Walking through the kitchen while cooking utensils, trays and hot chafers are being used is dangerous and the waiters and kitchen staff are well prepared for accidents and situations that happen quickly. Children and even adults unaware of their surroundings or what goes into a catered event are not. But what is different about this awkward situation and the restaurant scene described in Erickson’s piece, is the customer realizing that he has overstepped a boundary and must return. It is a home. There are different rules. In one’s own home, a child is taught to be himself, to walk around without shoes on and play. When a child is in another person’s home, they are taught to keep their shoes on, to stay by their parent’s side and to not be disruptive to the hosts or other guests. When in a restaurant, the stakes are even greater. All of these rules are confusing for a child (and from my own observations, adults too) and more often than not end up being blurred or broken when in each space.
For these reasons, waitstaff, when in a customer’s home, must be very alert and aware of “intruders” (customers who come backstage) as Erickson put it (20). Unless we are in a garage, separated from the guests by a door and wall, our behavior may not change when crossing from back to frontstage. While we have a pseudo-separation of labor, we do not have the outlet or relief that comes with a backstage. We are always under watch from not only the host, but potentially all customers. We must act as if the space is a strict restaurant formal space, when we are in fact surrounded by couches and family pictures.
The space of a restaurant (as well as the space of grocery stores, museums, and school buildings) dictates how we act within that space. With the exception of a child being told rules before entering a fancy house party, guests and customers do not receive formal guidelines on how to act. Instead, as observers, we take in our surroundings. We let the lighting, the menus, the décor, and overall ambience tell us just what type of restaurant we are in and subsequently how we should behave. As seen through the above observations, catered homes are the anomaly. Do you act like you are in a home … or do you act like you are being served in a fine restaurant? Unfortunately, every guest, host, and server has a different opinion. I encourage you to be observant of the unspoken rules of a catered space next time you find yourself at a party.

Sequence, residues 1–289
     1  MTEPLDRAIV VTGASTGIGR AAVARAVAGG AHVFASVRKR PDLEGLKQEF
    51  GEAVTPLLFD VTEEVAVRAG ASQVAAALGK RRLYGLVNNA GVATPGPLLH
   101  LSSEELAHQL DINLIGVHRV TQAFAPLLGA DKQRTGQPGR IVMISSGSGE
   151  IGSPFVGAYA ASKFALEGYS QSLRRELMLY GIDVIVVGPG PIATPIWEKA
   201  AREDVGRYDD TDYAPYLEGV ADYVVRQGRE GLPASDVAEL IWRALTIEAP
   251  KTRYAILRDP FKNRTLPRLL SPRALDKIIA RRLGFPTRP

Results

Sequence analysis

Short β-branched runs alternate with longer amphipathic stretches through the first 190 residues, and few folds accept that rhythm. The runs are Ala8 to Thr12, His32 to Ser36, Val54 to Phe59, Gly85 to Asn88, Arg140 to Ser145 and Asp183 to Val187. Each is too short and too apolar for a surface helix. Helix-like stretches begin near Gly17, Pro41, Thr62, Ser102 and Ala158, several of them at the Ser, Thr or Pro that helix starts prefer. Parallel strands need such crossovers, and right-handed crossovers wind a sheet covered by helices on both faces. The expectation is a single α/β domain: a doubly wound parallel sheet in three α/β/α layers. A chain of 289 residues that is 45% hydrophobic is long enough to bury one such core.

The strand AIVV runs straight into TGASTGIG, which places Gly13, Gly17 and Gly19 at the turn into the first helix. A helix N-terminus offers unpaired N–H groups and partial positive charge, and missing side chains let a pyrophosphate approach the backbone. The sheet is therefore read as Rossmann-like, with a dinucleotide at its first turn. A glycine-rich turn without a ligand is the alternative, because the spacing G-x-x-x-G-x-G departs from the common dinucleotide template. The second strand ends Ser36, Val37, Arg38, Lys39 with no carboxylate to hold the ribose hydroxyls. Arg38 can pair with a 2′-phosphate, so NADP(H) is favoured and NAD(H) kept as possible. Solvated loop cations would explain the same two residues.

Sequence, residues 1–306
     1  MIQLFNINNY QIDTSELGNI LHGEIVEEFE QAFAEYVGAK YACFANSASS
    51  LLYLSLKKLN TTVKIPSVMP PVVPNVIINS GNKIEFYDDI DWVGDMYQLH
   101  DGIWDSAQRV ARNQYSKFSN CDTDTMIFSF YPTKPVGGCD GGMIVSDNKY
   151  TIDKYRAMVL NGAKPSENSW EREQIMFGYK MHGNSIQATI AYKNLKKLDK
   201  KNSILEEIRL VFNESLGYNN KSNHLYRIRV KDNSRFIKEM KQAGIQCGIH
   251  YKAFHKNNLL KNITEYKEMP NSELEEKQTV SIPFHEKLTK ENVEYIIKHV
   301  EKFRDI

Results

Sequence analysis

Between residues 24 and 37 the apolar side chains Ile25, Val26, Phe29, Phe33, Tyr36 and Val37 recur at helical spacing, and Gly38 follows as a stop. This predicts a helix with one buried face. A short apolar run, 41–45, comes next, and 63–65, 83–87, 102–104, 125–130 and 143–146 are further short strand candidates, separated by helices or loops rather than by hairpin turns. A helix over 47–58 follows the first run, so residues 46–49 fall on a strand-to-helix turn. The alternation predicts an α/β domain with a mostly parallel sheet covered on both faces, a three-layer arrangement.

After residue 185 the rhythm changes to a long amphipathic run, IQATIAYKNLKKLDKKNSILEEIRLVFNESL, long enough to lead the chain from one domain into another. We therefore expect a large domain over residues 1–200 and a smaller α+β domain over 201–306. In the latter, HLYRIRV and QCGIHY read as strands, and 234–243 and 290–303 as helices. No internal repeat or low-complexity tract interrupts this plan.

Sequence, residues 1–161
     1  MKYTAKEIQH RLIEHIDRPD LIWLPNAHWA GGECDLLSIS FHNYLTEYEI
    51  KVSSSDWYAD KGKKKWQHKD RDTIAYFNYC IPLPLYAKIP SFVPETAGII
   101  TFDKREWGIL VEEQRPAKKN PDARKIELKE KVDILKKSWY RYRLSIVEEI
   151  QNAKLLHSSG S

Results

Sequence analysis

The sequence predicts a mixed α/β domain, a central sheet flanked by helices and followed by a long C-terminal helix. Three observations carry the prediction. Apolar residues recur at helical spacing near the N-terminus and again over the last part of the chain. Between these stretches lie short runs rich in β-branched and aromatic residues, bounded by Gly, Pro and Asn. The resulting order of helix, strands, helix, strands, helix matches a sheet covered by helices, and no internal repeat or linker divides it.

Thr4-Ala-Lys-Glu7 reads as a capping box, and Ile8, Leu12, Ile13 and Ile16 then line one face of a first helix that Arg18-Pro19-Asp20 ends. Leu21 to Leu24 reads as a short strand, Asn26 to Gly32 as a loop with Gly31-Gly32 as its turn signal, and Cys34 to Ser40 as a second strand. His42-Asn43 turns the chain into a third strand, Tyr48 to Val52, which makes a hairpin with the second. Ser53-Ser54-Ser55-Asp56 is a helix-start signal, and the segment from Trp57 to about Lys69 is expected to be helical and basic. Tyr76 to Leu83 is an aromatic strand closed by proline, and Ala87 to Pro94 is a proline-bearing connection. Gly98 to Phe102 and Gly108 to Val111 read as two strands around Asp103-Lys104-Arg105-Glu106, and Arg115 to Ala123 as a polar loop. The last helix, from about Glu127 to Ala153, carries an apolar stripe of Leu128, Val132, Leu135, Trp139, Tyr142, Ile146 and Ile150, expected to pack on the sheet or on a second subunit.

by Colleen Bernhard
Erickson, Karla A. "Tight Spaces and Salsa-stained Aprons: Bodies at Work in American Restaurants." The Restaurants Book: Ethnographies of Where We Eat. Ed. David Beriss and David E. Sutton. Oxford: Berg, 2007. 17-23. Print.
Space and Identity
Different restaurants have their own personality "type" that seems to match the atmosphere of the space. Most people can probably take a glance at the general outline of a restaurant and estimate the general price range of the menu. Each restaurant values its customer experience while catering to a particular demographic. Some aim for a comfy and cozy style while others strive for the hip and cool feel. This wiki article will look into the use of space in a restaurant and how that communicates the demographic range of its customers. The focus is going to be on the target range for places in the Oakland neighborhood in Pittsburgh, particularly that of a youthful group in need of a quick experience.